An Interview With Lodovico Marziale, Cath Lab Director (Part 5 of the COVID-19 Interview Series)

Editor's Note: The coronavirus disease 2019 (COVID-19) pandemic has taken a huge toll on the health and well-being of not only the world population but also medical personnel. As physicians, we see the clinician and patient struggles in addition to the stress and fatigue that occurs among non-physician health care professionals. We have thus far focused on the experiences of clinicians and their observations; now it's time to hear the stories of our procedure laboratory personnel. To that goal, Lodovico "Vico" Marziale, Director of the Cardiology Service Line, Cath-Lab/EP Lab at Ochsner Health in New Orleans, LA, agreed to a digital interview to discuss laboratory issues at the outset of COVID-19 last spring, intervening "recovery," and now a resurgence. It is important to note that experiences of institutions across the United States and globally vary significantly based on many factors, including the numbers of and severity of risk for vulnerable populations. The Ochsner Health system in particular dealt with many challenges during the first wave of COVID-19 because its service area includes a vulnerable African-American population. The hospital system's unique situation and stresses offer an ideal backdrop for this discussion.

George W. Vetrovec, MD, MACC: Mr. Marziale, could you briefly tell us the scope of your work in terms of laboratories and hospitals that you manage?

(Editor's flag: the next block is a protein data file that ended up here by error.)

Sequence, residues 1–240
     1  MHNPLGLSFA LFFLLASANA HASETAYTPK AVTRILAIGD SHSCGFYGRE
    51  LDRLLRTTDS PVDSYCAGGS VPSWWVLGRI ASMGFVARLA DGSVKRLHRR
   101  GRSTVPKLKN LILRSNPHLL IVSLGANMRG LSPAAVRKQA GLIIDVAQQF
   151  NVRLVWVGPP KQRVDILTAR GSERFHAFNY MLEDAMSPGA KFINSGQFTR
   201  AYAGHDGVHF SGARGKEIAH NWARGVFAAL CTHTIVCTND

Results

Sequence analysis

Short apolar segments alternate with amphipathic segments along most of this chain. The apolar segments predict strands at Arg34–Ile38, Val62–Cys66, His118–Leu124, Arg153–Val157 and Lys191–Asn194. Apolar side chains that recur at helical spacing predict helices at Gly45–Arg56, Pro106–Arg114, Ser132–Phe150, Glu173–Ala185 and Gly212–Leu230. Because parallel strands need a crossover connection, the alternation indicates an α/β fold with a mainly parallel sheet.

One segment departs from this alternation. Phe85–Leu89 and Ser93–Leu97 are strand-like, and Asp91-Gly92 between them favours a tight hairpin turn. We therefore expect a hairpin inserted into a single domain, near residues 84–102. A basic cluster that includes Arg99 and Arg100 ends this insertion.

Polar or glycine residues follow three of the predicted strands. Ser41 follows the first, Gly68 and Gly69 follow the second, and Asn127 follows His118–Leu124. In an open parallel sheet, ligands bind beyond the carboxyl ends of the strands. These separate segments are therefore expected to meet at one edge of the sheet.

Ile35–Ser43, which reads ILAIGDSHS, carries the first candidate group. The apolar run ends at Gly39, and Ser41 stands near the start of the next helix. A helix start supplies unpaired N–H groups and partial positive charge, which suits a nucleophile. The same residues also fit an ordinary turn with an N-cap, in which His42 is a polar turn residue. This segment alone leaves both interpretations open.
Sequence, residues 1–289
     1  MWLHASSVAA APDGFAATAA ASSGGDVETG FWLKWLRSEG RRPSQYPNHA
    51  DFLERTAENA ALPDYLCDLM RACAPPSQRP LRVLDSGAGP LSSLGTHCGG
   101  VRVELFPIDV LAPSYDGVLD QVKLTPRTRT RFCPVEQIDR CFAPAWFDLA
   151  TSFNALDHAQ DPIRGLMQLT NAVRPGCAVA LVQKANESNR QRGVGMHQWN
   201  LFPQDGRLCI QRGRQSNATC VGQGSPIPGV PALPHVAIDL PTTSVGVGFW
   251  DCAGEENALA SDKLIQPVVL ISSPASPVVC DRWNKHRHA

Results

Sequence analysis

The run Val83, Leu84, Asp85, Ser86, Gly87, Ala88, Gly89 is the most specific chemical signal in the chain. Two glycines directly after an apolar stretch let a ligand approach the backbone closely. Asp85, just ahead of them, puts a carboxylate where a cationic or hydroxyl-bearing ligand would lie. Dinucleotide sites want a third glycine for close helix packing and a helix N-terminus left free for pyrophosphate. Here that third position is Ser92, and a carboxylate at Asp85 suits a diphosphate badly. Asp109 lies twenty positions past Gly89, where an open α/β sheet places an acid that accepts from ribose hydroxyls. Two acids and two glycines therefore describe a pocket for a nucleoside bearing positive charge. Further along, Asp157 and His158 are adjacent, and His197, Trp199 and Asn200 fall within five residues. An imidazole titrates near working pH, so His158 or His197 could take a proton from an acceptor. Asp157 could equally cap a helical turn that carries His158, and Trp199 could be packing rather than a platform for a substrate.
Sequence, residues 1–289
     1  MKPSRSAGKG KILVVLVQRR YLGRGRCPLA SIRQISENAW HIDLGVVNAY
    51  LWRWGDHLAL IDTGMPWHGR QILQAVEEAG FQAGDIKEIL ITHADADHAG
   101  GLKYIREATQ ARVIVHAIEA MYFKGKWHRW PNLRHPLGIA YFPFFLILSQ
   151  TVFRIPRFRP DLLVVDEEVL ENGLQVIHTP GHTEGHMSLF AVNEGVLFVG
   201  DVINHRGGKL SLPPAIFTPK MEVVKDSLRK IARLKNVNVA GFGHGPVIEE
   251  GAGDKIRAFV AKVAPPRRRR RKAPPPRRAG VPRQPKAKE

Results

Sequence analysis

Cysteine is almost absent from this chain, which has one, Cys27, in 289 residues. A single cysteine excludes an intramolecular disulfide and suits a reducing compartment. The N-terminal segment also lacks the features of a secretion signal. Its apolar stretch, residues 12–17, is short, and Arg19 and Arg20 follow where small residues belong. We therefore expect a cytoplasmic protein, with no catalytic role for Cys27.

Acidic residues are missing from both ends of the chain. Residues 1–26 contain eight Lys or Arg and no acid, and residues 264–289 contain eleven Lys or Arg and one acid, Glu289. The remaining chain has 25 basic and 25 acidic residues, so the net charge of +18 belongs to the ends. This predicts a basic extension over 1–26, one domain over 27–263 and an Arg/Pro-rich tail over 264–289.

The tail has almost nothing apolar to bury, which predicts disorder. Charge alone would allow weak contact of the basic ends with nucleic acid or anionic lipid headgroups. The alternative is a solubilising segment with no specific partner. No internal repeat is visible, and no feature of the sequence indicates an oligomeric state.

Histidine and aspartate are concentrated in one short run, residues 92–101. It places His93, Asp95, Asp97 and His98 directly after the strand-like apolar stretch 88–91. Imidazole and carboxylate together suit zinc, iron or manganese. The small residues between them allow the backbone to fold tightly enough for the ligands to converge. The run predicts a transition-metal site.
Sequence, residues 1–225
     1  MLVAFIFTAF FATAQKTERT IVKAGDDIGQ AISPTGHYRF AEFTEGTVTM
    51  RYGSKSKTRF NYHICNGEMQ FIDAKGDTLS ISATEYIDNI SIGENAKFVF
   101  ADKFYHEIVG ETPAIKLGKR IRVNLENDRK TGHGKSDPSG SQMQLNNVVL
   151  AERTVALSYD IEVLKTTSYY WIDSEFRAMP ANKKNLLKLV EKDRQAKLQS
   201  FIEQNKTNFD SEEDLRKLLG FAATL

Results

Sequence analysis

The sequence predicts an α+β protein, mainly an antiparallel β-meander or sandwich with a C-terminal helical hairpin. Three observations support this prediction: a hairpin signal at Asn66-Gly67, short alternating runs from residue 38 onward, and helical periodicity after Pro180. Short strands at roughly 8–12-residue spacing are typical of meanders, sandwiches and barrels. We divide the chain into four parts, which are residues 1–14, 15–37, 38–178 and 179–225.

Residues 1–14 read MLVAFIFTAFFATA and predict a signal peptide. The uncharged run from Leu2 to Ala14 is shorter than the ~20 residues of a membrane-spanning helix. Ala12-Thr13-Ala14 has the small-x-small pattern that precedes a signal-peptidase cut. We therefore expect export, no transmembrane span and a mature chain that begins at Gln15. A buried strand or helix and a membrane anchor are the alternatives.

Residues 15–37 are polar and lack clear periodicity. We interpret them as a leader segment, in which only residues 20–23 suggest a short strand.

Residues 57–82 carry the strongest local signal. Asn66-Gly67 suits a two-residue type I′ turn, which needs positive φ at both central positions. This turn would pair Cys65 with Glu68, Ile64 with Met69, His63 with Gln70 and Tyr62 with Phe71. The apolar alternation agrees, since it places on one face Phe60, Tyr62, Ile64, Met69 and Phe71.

Lodovico Marziale, RN: I am the Service Line Director of the Interventional Cardiology laboratories and Electrophysiology laboratories. Ochsner Health is currently a 10-hospital system. My primary responsibility is over Interventional Cardiology and Electrophysiology at the main campus, which consists of 6 dedicated catheterization laboratories and 4 dedicated electrophysiology laboratories. We perform complex ablations, lead extractions, device implants, and structural heart, complex vascular, and pediatric interventions. We also have a robust cardiology research program, and we are a teaching facility with fellowships in electrophysiology and interventional cardiology. I have additional responsibility from a service line perspective over the other 9 hospitals in the Ochsner Health system that have catheterization laboratories.

Vetrovec: Can you give us a summary of special issues that you and the staff experienced during the first wave of COVID-19? Were there issues of sufficient personal protective equipment (PPE)?

Marziale: The first wave caught everyone off guard, and it required "all hands on deck."  Initially, it put staff in uncomfortable situations and unfamiliar surroundings, but this uncertainty diminished over time and with experience, which is a testament to the flexibility and resilience of our staff. We had the same PPE issues as the rest of the world did with concerns with conservation of resources, but we never were in a position of putting our staff at risk. Our supply chain partners did an incredible job with ramping up inventory of PPE, and we have an adequate stockpile on hand.

Vetrovec: Could you please comment on staff morale during this time?

Marziale: Staff morale was a mixed bag of emotions based on personality and depending on if and where you were redeployed and how that was managed. We learned a lot during that first surge, and we are much better prepared now. But even with those who struggled at first, morale improved with better communication and improved processes. Ochsner did an incredible job with insuring that there would be no layoffs or furloughs. This removed that additional burden of the fear of not having a job out of the already tenuous situation.

Vetrovec: A number of studies have suggested that routine patient arrivals were delayed, or that some didn't even go to hospitals for fear of being infected, and ultimately arrived with more severe presentations. Did you observe that phenomenon?